Retinal Detachment

Retinal Detachment

As mentioned previously, the retina is the layer furthest at the back of the eye onto which images are focused. Retinal detachment is generally caused by the retina breaking at a point from which it detaches and separates from the rest of the layers of the eye. The initial break is usually the result of a tear or a hole in the damaged area surrounding the central retina that appears following an injury or posterior vitreous detachment. These damaged areas surrounding the retina are “weakened” and can appear in any patient but are more common in those who are short-sighted.

What are the symptoms of retinal detachment?

The tear in the retina will be accompanied by a “flash of light” coming from inside the eye. When the retina moves away from its position, it loses the ability to capture images meaning that the patient will notice a “black area” in their visual field or experience their sight slowly worsening as if a “curtain were being closed”. Central vision is lost when the main area of the retina, known as the macula, comes away. If you have any of these symptoms, you should see an ophthalmologist as soon as possible.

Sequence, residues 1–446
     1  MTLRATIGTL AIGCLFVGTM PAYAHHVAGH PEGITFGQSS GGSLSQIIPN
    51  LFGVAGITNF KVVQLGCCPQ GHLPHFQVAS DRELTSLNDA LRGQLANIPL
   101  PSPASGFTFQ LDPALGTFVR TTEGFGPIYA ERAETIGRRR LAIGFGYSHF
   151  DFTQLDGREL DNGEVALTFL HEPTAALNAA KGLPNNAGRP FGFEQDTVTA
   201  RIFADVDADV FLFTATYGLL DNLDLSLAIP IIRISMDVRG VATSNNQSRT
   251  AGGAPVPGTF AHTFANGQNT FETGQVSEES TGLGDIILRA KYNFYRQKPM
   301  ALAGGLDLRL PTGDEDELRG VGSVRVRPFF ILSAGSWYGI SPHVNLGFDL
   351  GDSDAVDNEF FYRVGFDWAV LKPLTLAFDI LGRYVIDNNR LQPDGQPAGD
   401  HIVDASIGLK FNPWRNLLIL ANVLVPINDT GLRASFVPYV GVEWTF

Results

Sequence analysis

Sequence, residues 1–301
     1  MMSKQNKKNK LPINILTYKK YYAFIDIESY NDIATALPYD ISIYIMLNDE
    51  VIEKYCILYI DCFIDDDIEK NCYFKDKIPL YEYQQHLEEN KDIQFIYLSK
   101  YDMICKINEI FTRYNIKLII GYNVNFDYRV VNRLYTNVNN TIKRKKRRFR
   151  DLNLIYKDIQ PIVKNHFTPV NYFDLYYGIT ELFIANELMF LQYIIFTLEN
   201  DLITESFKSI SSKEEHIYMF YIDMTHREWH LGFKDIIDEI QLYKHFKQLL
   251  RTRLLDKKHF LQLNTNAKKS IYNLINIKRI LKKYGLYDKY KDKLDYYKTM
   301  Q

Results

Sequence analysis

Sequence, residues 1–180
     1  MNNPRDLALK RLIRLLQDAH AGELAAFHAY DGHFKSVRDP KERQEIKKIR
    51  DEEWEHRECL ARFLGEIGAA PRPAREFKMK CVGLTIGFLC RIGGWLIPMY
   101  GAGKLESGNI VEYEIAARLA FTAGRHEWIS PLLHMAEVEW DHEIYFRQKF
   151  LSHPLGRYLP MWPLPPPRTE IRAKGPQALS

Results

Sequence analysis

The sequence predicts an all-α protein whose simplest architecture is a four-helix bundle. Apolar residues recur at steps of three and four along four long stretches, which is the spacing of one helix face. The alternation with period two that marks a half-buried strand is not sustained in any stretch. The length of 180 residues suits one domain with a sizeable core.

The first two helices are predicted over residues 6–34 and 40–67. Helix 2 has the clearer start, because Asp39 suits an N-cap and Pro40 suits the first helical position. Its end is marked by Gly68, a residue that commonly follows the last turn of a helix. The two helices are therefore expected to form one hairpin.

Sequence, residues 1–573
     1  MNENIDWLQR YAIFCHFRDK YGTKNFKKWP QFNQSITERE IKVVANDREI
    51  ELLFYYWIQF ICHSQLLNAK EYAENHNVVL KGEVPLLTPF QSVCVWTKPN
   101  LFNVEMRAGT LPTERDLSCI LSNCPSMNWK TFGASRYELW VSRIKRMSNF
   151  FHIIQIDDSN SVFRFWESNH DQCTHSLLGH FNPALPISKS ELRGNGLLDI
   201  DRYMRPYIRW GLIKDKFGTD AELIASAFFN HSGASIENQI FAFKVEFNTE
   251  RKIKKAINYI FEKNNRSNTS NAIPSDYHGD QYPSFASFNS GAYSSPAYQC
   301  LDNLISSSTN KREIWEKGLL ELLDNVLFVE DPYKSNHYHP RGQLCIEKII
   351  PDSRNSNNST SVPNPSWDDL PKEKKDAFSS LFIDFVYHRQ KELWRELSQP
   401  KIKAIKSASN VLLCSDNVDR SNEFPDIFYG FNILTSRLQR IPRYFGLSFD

Who can suffer from retinal detachment?

Anyone can suffer from retinal detachment but the following factors increase your risk:

  • Short-sightedness.

  • Peripheral retinal degeneration.

  • History of trauma.

  • Previous high-risk cataract surgery.

  • Previous retinal detachment.

  • Family history of retinal detachment.

  • Diabetes.

Patients with these risk factors should undergo a routine examination of the fundus of their eye to identify and treat any damage that would make retinal detachment more likely.

Treating retinal detachment and existing retinal damage

Any existing damage to the retina that could increase its predisposition to retinal detachment (holes or tears in the retina, peripheral retinal degeneration) can be treated using laser photocoagulation. The laser treatment is performed at our clinic and consists of walling off the at-risk area which prevents any detachment of the retina spreading.

If retinal detachment has already occurred then surgery is required with vitrectomy being the most common procedure.